Ink-Slinger Profiles by Alex Jay: Ralph Wolfe

Ralph Allison Wolfe was born on August 19, 1894, in Cherokee Nation, Indian Territory in present-day Oklahoma. His full name and birth date were on his World War I and II draft cards, and his birthplace was based on the 1900 U.S. Federal Census. His father, James, was Caucasian and a farmer, and his mother, Kate, half-Cherokee. Wolfe was the fourth of six children and described as “three-quarter white”. 

The Vinita Chieftain, July 31, 1907, reported the following, “Ralph Wolfe, son of Rev. J.E. Wolfe, is at home of Mrs. William Tigar where he is receiving medical treatment for a chronic case of sprained ankle. He has been afflicted for about two years.”

In the 1910 census, Wolfe, his parents, two younger siblings, uncle, maternal grandmother and aunt resided in Vinita, Oklahoma at 101 Miller Street.

Wolfe’s talents was noted in the Chieftain, July 2, 1912, “A great deal of amusement has been created among the crowds awaiting returns from Baltimore by cartoons drawn by Ralph Wolfe, a Vinita boy who possesses a remarkable talent along this line.”

On November 15, 1912, the Chieftain described Wolfe’s artistic contributions.

One night last week during the course of Dr. Bulgin’s sermon he said he was sorry he was not an artist when he thought of the church members of Vinita, for he would like to make a cartoon of each of the ministers to show how the church was supporting them. He then pictured each one in attitudes representative of their individual struggles. A few evenings later a roll was handed the doctor and opening it he found two cartoons, perfectly drawn, giving his exact ideas of two of the ministers expressed before. The artist is Ralph Wolfe of this city a young man eighteen years old, and one who has remarkable talent for work of this kind. One of the cartoons pictured Rev. Roper with bent back, the perspiration dripping from his brow and evidence of care and fatigue written on his face. He was carrying the church building on his back. It was easy to see it was Rev. Roper and the church was faithfully drawn. The other represented Rev. Burger shouldering a heavy load of ardent worshippers who sang “There is a fountain filled with mud;” for the minister was represented as standing in a pool of water very muddy, with stepping stones marked “ungodliness,” and “non-support” and “unbelief.” Above the heads of the people who stood in an ornamented vase to form the top, were notes in the air to represent the melody. This young man has done some work which is better that a great deal we see in city newspapers and he certainly has a future before him and will make a splendid success when he accepts a position in this line of work.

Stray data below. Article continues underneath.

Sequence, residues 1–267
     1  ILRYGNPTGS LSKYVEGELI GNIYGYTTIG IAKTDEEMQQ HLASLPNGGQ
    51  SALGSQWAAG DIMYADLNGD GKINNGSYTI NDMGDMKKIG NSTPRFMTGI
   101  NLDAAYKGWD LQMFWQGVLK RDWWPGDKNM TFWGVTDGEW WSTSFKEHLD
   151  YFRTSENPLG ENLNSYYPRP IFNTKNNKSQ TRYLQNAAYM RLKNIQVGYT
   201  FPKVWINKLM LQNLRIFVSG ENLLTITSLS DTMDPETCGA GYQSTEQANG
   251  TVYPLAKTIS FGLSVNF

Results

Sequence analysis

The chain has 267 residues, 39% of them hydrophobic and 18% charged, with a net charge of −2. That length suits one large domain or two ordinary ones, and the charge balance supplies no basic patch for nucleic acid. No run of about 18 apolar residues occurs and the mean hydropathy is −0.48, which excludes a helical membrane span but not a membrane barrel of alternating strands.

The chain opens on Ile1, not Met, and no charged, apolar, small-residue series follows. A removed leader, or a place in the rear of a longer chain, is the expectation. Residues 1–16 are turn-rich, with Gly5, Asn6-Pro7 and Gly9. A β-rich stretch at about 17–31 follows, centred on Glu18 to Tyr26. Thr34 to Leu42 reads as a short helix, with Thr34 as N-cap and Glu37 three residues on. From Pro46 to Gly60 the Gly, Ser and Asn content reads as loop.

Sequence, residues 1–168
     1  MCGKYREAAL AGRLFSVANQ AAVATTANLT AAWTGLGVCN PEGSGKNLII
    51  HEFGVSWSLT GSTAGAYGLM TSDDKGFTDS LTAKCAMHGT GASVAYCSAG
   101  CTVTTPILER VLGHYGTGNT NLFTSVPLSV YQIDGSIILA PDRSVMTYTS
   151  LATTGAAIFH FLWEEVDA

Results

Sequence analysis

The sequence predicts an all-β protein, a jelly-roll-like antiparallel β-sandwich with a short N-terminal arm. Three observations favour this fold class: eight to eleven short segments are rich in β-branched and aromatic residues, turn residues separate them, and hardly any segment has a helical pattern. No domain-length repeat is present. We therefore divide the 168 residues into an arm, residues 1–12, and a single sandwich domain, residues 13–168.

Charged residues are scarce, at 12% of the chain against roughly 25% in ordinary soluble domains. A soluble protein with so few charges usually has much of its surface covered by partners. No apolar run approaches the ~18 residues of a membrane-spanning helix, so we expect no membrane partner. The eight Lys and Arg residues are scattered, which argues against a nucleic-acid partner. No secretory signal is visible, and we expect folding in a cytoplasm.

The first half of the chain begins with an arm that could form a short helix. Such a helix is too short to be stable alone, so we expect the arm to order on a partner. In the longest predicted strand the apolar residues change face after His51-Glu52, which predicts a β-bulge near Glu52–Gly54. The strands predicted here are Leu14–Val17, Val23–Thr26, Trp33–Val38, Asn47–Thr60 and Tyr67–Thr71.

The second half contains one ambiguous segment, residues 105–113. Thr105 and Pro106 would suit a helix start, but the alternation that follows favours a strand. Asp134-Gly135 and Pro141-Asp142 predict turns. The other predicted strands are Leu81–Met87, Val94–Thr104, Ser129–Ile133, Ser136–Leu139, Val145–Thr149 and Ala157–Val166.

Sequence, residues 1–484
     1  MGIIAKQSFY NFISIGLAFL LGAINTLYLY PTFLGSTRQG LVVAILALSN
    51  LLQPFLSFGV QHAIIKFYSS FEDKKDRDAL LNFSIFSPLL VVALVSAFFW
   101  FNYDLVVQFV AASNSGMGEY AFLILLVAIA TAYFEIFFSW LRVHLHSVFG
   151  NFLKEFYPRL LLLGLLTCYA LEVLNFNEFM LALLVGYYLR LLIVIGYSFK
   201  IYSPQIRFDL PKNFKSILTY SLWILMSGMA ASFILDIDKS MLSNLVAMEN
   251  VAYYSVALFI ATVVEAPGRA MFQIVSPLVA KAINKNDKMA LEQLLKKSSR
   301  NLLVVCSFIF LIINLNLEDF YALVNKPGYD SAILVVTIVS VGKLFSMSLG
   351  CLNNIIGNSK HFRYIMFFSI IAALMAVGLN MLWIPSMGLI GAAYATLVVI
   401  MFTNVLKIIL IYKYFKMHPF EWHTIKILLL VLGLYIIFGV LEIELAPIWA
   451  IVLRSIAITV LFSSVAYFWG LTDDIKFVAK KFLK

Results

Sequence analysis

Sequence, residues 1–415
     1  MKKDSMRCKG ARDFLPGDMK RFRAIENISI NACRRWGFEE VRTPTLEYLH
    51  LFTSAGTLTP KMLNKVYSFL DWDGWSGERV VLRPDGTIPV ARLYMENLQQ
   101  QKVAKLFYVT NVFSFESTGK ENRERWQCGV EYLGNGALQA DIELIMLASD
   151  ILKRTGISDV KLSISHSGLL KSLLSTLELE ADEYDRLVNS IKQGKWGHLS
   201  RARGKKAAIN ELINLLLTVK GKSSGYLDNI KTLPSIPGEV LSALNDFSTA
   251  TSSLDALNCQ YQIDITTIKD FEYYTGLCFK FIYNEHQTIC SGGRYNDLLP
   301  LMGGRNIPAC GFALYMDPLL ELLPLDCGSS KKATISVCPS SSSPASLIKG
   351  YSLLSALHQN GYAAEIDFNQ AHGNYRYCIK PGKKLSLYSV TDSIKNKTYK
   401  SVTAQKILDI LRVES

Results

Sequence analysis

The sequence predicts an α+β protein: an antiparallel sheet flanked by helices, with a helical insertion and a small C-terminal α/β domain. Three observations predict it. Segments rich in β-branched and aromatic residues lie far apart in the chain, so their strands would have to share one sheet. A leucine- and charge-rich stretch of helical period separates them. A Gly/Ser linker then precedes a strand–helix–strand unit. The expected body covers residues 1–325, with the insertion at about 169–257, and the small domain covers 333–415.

Wolfe was in California by 1915 if not earlier. He lived in the westside of Los Angeles according to an entry in the Catalog of Copyright Entries, Part 4, Works of Art, Etc. 1915, New Series, Volume 10, No. 1.

Wolfe (Ralph) Sawtelle, Cal. [653
Chollychap. [Grotesque drawing of statuette of man wearing derby hat,
tight-fitting coat and large trousers, standing with heels together and
toes turned outward.] © 1 c. Mar. 16, 1915; G 49221.

Wolfe signed his World War I draft card on June 5, 1917. His occupation was caddie at the Los Angeles Country Club. His description was medium height and build with green eyes and light hair.

Wolfe’s widow mother was the head of the household in the 1920 census. The household included Wolfe, his mother, three siblings and his mother’s sister. They were Los Angeles residents at 1260 West 51st Street. Wolfe’s occupation was cartoonist in the moving pictures industry. Wolfe had the same address in the 1921 Los Angeles city directory.